Here's a mnemonic I just devised to remember the order of the (five) Latin conjugations and sample verbs for each one.
First, you say, "AH, RAF!" (As in, "Well, the Royal Air Force!") As with all mnemonics, there is a brute amount of arbitrary memorization. Why RAF? No idea, but it works for learning the conjugations.
"AH, RAF!" is the anchor which helps you remember the following five verbs: Amare, Habere, Regere, Audire, Facere.
Each verb is a common verb in each of the five conjugations. Amare means love (as in, amicable); habere means have (as in, "habve" or, perhaps, have a bad habit); regere means rule (as in, regnant, registry or reign); audire means listen (as in, audio); and facere means do or make (as in facility or manufacture). (Facere is also famous because, in classical pronunciation, it sounds rather like "fuck": facio, facis, facit, facimus, facitis, faciunt.)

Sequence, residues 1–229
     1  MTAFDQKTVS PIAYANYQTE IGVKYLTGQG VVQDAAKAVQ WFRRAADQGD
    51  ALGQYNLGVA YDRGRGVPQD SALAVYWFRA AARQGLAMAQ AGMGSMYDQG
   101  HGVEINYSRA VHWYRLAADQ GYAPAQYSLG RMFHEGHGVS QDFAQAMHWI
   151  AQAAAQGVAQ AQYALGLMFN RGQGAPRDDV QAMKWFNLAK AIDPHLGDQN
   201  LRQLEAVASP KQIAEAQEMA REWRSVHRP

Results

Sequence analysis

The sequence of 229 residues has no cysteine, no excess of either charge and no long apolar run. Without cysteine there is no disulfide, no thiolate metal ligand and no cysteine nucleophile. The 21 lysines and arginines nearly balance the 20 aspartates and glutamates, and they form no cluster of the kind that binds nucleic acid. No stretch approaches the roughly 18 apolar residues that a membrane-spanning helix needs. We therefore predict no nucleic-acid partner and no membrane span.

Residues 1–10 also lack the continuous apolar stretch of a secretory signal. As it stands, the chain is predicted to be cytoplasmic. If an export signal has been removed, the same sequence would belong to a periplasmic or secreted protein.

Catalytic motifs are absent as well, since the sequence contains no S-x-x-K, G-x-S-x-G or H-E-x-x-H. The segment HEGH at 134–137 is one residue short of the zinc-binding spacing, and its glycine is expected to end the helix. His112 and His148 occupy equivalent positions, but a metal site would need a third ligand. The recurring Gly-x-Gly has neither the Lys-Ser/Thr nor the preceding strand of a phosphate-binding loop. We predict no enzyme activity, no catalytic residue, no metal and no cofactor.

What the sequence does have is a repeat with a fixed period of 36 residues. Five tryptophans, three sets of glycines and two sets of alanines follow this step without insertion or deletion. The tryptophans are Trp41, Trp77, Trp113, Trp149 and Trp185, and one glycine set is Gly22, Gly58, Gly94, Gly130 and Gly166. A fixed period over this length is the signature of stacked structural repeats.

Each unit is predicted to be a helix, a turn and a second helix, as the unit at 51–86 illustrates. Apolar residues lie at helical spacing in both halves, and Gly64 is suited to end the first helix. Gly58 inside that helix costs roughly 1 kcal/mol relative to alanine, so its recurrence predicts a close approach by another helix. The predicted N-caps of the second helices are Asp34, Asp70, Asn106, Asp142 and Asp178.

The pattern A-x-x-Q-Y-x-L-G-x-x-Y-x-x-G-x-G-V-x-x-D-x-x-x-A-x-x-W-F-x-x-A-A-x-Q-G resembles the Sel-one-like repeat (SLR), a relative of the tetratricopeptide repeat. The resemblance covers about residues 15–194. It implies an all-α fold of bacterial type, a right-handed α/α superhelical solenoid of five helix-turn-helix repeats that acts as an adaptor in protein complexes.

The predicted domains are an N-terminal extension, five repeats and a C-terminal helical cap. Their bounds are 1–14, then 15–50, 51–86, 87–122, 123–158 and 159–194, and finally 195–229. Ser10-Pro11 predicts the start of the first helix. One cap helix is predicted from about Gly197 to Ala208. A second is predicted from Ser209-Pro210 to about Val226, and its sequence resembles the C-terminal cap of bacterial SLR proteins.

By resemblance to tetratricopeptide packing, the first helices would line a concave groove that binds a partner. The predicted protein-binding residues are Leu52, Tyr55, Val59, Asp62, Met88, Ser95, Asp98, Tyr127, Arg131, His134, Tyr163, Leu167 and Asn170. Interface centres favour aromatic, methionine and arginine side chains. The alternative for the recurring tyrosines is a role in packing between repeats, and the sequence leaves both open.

Now, the entire mnemonic is a little moral instruction on the ascent to power. If you want to be a powerful leader...
First, you must love, for all power is rooted in love, whether the love of glory or the love of others.
Second, you must "have what it takes." You must have the means to take power when you have the chance.
Third, you must rule. To reign is to rule a region.
Fourth, you must listen to the petitions of your subjects and to the auditions of your jesters.
Fifth, you must make a decision for your subjects and do what you say you will do.
As for the problem of remember which A in "AH, RAF!" is amare or audire, just remember that "conjugal love" should be your "first love."